Orban said that his country built a fence on its southern borders to regain control over its territory, the move protecting not only Hungary but also Germany by not allowing refugees to enter Hungary.
Now the numbers of such migrants arriving at Bavaria's border with Austria are 10 or fewer daily, the German government says.
Last week, Merkel had ensured that up to 14 European Union countries had pledged to accelerate return of registered asylum seekers in or countries arriving in Germany, including Hungary, which immediately denied having reached an agreement with Berlin about it.
German Federal Interior Minister Horst Seehofer said after the meeting that there would be no transit centers, as agreed by the Merkel-led Christian Democratic Union (CDU) and Seehofer-led Christian Social Union (CSU) on Monday.
Seehofer sought to allay concerns from Nahles' party of large migrant camps on the borders, assuring that the so-called transfer centers he wants to establish "would have no barbed wire or the like", and would be set up in existing police stations that would deal with the cases of only a handful of migrants a day.
"We agreed. that next week there will be a meeting of the German, Austrian and Italian interior ministers with the goal of taking measures to shut the Mediterranean route into Europe, to make sure that illegal immigration to Europe on this route is stopped", Kurz told a joint news conference.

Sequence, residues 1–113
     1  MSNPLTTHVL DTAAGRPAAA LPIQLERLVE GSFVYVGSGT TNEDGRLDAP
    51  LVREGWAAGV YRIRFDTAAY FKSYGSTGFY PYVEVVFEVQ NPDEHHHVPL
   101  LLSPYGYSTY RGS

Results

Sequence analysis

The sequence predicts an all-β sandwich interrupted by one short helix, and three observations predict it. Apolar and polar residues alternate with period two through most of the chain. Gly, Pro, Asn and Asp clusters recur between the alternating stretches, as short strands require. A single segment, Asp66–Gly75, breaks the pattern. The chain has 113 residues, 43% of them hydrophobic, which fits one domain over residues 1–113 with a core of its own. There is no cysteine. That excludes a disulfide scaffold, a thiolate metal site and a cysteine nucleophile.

Referring to the country's current defence budget of 38.9 billion euros, Merkel said, "Measured against what other countries do in relation to their GDP, it is not remotely enough".
"We think it's unfair that Germany often accuses us of a lack of solidarity", Orban said. "I am confident that we will reach an agreement with the SPD as well", he said.
"We have reached an agreement after an intensive debate".
Fifty-six percent of Germans felt too much focus was being put on migration, to the detriment of other issues.
Migrant arrivals peaked in 2015 at more than a million people, many of them fleeing the Syrian war and therefore entitled to asylum, while others were trying to escape poverty.
Some in the SPD have accused Seehofer of sparking the coalition crisis for purely self-serving reasons - his CSU fears hemorrhaging voters to the anti-immigrant Alternative for Germany in Bavaria's state election in October.
German Interior Minister Horst Seehofer on Thursday went to Vienna to discuss a possible agreement that Austria would be willing to accept certain refugees from the planned transit centres.